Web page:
A vehement broadside against capitalism in general and American cultural imperialism in particular, focusing on the effects on the novelist’s native India.
After winning international raves and the prestigious Booker Prize for her debut novel (The God of Small Things, 1997), Roy (Walking with the Comrades, 2011, etc.) has become an increasingly political, polarizing and controversial writer, even charged with sedition in her homeland. “Day after day, on primetime news, I was being called a traitor, a white-collar terrorist, and several other names reserved for insubordinate women,” she writes. She also recognizes that, as someone “who lives off royalties from corporate publishing houses,” she risks biting the hand that feeds her. But her teeth are sharp, and her bite is fierce, as she focuses on how American corporate values and foundation philanthropy have had an insidious effect around the globe, resulting in a wider gap between the wealthy few and the impoverished masses. The influence extends from economics to education to arts and culture, as scholars in line with American values get funded and others see courses cancelled, while foundation support has had the same moderating effect elsewhere that it did in America, where it marginalized black militancy in favor of nonviolence. “Armed with their billions, these NGOs have waded into the world, turning potential revolutionaries into salaried activists, funding artists, intellectuals and filmmakers, gently luring them away from radical confrontation.” Like the Occupy movement, which Roy strongly supports, she sees class warfare as a political necessity that recognizes that systems of capitalist democracy require more than reform. Her accounts of political repression are vivid and moving, but her analysis would require more depth for her pontification to convert those who don’t already agree with it.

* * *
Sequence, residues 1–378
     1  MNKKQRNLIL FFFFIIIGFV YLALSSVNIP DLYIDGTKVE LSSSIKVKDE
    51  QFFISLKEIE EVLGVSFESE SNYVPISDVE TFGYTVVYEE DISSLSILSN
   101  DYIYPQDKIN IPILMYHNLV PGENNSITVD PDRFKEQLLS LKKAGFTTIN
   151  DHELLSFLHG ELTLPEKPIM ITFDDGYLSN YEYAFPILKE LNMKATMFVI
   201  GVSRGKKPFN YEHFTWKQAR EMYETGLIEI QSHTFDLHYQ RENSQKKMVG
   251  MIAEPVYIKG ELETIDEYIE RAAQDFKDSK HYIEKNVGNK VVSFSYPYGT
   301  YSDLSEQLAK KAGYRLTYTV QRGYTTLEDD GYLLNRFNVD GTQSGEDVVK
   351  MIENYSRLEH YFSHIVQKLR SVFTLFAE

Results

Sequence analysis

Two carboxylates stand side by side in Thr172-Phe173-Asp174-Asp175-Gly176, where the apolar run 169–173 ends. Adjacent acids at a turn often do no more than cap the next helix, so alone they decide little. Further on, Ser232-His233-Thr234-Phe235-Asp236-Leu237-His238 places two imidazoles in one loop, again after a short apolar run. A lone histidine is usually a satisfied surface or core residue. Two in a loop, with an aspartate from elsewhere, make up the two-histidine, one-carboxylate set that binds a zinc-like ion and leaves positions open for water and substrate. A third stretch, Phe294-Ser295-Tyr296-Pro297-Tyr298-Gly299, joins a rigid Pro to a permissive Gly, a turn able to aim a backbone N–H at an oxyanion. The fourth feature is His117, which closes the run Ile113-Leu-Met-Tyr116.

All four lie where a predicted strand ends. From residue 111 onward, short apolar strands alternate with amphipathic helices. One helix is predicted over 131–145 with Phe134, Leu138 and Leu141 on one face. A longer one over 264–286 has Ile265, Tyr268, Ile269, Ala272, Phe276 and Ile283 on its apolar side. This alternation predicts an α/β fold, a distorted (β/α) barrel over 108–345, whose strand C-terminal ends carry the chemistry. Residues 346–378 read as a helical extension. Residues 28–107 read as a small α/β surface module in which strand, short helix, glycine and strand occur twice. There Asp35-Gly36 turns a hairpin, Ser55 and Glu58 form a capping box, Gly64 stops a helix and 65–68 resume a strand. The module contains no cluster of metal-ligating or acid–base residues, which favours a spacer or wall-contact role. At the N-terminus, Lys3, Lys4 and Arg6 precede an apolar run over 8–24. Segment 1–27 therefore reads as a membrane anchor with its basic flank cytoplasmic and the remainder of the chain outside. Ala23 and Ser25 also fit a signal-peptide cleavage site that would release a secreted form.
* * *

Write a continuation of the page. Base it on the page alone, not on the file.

Less a reasoned argument than an impassioned manifesto.